The lie at the heart of “loyalty” cards

I’ve always been opposed to brand “loyalty” card schemes, like Nectar and Tesco’s Clubcard, and I’ve never signed up for any. We all know that they’re used to track customer shopping behaviour, and I don’t want to be tracked in that way. But it was only recently that I was struck by the fundamental dishonesty involved.

The story promoted by companies running the schemes is something like this: each time you shop with us, we’ll give you a tiny discount, but it’s only redeemable in discreet chunks, and we think this will give you an incentive to continue shopping with us instead of our competitors. In other words: we’ll trade you a non-binding increase in the probability that you’ll choose us for future shopping, which we think is worth two or three pence in every pound, in exchange for rewards equivalent to, say, one pence per pound.

The flaw in this story is that carrying a “loyalty” card doesn’t increase a customer’s chance of using the same shop on any future occasion. As far as I can tell, there are two types of people: those who don’t use any “loyalty” schemes (like me), and those who use every “loyalty” scheme going, and carry around a purse stuffed with cards so that they can get points and discounts wherever they happen to shop.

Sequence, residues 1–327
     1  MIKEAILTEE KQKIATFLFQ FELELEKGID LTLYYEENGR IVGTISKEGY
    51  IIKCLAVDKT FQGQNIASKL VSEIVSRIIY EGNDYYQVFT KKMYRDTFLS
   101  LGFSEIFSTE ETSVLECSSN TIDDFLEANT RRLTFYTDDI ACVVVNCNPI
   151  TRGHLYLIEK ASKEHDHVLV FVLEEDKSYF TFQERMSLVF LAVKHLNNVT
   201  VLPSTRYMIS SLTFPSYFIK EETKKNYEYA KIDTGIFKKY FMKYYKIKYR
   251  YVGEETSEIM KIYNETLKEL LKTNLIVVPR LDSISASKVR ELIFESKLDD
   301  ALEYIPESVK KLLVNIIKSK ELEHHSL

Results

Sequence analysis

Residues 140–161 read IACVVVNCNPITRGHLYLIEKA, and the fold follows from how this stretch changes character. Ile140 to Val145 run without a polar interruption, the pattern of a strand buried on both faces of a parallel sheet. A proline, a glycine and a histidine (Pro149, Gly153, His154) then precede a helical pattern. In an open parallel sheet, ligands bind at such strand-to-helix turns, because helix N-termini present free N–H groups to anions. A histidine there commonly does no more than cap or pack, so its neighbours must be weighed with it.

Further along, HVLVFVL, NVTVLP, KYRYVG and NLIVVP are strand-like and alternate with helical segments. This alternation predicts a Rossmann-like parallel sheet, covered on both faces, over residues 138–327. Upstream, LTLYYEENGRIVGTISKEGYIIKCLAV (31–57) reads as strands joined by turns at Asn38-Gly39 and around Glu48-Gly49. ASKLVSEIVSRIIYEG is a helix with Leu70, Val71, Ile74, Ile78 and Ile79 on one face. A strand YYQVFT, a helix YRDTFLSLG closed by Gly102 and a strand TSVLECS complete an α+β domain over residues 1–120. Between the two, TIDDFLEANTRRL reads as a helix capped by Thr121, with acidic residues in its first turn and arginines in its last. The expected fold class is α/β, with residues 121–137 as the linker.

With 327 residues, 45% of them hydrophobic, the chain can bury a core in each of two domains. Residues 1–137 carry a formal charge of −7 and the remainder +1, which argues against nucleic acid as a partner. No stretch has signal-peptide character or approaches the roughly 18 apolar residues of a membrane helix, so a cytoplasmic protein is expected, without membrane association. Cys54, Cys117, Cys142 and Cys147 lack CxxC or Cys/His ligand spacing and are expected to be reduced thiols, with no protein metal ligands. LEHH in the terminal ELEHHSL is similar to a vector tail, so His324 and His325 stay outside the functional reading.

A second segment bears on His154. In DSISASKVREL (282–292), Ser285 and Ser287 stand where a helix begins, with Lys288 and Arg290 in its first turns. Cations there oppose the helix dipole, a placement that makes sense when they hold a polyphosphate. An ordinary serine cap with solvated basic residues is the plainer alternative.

The trigger for my recent epiphany was being asked if I had a “loyalty” card when paying for petrol. Why, I thought, would anyone show loyalty to a petrol station? But of course, they don’t. If you’re an apathetic motorist, you simply fill up at the first petrol station you see when you’re running low. If you’re more savvy, you’ll be aware of the current prices and go to whichever station offers the best, ideally close to a route you’re taking anyway. Your membership of a “loyalty” scheme simply doesn’t enter into the equation. Plus, it’s easy to have the “loyalty” card for every petrol station which offers it: you can keep them in the car and don’t even need to carry them around in a wallet all day. We can only assume that petrol stations know all this, so their reason for offering the scheme can’t be what they pretend it is.